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Failure of USA to Beat Belgium Reflects Negatively On MLS

usmnt Failure of USA to Beat Belgium Reflects Negatively On MLS

An easy, somewhat lazy narrative has developed through the years that Major League Soccer has helped the United States Men’s National Team grow. While this is true from a pure standpoint of quality of squad depth, the league has from my perspective not helped develop the very top players.

Before MLS launched in 1996, the USA reached one of the highest water marks in terms of success at Copa America 1995. The famous 3-0 win over Argentina, perhaps the best performance for the United States ever in a competitive match in the modern era, occurred on foreign soil, in Uruguay. At the time every US player was based in a league outside the United States. While the squad lacked depth, it had more technical players and arguably more tactically-aware players than the current US squad.

The growth of Major League Soccer has been fantastic for building the business of soccer in the United States. It has grown the club game and developed a real soccer culture in this country. MLS has proven to be springboard for the runaway success of the Barclays Premier League and other international leagues in the United States market.

The business of soccer has never been bigger or better in this country. It is possible for people to make a decent living, living entirely off of this sport. That was not the case before Major League Soccer came into existence. From a business standpoint, it is one of the top leagues on the planet. It’s well run, well marketed and — contrary to the views of some critics — extremely well supported.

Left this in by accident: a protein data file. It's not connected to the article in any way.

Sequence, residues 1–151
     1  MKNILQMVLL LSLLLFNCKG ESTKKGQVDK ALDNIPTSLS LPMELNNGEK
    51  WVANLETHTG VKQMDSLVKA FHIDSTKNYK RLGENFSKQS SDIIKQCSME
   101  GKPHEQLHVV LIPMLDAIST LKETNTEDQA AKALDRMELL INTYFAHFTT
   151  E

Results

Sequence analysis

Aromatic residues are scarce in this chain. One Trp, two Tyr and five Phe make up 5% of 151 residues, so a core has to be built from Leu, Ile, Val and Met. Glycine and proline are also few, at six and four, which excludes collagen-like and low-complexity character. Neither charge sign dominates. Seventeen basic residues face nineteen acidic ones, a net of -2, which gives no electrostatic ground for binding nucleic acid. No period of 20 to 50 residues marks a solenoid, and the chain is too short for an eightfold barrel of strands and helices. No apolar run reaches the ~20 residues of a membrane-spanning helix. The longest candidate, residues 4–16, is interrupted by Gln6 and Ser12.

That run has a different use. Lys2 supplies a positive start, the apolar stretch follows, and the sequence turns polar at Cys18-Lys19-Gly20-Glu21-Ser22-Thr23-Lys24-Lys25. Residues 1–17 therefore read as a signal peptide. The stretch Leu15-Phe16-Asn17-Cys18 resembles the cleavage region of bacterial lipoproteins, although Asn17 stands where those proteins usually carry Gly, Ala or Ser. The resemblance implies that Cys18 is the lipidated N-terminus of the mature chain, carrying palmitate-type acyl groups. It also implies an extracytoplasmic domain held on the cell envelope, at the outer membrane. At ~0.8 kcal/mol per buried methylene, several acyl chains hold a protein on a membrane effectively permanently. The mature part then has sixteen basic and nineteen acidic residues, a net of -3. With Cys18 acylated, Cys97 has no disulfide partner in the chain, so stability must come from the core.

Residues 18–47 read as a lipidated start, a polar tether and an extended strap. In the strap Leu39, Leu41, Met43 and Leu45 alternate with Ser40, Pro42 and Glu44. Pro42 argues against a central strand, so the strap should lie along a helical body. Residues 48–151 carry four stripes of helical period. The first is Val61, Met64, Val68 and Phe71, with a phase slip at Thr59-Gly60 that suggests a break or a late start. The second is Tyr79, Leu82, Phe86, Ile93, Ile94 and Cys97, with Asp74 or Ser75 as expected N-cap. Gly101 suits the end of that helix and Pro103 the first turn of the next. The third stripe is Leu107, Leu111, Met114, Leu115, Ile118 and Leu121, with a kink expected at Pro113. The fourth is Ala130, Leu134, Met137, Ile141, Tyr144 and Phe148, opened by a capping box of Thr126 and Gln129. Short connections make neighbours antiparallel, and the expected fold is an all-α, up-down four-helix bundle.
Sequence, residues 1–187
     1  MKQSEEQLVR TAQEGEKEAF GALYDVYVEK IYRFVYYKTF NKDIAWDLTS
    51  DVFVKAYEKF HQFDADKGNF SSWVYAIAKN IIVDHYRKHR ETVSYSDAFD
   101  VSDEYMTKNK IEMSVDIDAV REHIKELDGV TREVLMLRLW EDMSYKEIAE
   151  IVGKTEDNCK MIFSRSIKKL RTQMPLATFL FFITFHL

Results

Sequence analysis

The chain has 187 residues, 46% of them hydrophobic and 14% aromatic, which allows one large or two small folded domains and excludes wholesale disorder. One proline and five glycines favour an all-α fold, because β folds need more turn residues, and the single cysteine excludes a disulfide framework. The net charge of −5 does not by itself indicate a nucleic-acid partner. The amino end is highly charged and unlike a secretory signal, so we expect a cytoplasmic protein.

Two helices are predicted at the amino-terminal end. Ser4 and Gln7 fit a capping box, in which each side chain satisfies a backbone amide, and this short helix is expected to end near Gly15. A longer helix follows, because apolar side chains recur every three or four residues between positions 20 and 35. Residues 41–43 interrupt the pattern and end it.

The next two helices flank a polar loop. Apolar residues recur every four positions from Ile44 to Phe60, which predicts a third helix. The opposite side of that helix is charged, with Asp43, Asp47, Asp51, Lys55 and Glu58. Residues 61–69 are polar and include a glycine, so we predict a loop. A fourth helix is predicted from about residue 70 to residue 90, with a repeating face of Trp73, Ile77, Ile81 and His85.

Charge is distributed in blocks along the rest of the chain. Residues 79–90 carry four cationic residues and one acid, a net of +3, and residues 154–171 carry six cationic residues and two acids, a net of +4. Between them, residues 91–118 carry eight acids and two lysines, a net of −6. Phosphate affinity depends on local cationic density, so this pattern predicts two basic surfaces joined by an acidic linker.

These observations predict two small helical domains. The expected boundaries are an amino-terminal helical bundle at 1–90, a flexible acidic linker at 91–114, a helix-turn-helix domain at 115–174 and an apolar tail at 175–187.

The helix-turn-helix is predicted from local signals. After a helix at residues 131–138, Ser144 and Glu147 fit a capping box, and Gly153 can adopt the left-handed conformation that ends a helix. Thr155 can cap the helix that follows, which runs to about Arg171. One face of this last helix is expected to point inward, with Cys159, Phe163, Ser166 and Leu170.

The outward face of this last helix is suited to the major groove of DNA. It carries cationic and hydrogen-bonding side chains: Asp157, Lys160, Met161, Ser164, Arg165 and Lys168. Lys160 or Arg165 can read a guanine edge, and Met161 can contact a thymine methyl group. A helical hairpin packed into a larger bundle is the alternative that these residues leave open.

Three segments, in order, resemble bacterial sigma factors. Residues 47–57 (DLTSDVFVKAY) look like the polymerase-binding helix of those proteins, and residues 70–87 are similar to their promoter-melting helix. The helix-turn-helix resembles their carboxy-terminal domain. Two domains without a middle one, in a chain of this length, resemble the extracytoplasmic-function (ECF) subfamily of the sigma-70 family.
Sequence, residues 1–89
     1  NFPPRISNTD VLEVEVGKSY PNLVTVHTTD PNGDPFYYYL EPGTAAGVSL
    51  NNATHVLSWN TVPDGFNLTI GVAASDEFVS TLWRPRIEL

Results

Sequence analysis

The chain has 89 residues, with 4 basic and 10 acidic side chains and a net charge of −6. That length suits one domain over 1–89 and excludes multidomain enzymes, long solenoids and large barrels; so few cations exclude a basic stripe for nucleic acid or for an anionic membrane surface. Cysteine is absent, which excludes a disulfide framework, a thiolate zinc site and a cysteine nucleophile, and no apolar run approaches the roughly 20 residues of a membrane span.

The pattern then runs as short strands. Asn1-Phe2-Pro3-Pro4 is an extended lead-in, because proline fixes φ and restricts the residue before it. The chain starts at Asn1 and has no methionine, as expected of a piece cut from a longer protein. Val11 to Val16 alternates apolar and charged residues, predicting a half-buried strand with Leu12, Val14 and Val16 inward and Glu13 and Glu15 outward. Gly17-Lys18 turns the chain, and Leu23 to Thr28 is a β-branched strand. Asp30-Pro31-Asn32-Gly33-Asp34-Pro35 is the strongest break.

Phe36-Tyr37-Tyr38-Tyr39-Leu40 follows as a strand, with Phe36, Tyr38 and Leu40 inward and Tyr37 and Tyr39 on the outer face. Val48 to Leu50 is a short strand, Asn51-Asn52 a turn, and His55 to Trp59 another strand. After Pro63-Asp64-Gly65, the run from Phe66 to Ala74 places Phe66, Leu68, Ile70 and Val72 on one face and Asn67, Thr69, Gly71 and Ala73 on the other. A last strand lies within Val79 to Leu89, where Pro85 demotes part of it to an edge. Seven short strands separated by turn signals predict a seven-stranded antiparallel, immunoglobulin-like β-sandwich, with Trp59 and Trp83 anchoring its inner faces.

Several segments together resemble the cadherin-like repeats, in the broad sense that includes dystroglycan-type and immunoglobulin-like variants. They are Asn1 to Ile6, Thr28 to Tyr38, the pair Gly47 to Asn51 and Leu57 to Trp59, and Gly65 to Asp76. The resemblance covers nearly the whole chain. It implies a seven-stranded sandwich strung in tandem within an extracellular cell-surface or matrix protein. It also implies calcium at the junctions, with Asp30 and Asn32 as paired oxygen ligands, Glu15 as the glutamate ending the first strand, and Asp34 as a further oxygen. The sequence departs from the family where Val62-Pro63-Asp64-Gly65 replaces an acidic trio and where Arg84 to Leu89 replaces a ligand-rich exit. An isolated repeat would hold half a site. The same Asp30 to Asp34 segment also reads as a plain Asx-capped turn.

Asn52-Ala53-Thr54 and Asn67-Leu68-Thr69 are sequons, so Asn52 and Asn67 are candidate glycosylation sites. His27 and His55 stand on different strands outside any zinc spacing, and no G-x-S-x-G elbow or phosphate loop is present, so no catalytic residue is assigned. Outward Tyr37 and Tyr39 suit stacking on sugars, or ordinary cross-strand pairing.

But if you separate the business and culture of US soccer from the development of national team success, you realize Major League Soccer hasn’t delivered what was hoped. The top American players by-and-large are no more tactically savvy, technical on the ball or creative than they were in 1995. The United States has long been in a holding pattern from a player development standard as the lower leagues remain a political mess.

The US Soccer National Academy in Bradenton, Florida opened in 1999. It originally turned out top players but by and large has been a failure over the course of the past 10 years, producing very few top professionals and even fewer national team prospects. The “pay to play” schemes of American youth soccer did not help in the efforts to develop and identify top talents at a young age. Instead those whose parents could afford to buy their way through the system advanced rapidly. US Soccer’s leadership as well as Major League Soccer understood this was a problem and worked hard to set up a national development academy program as well as MLS club youth academies. But to this point even this more sensible approach has not yielded many top players because one can presume the technical and tactical management is simply not good at a high enough level.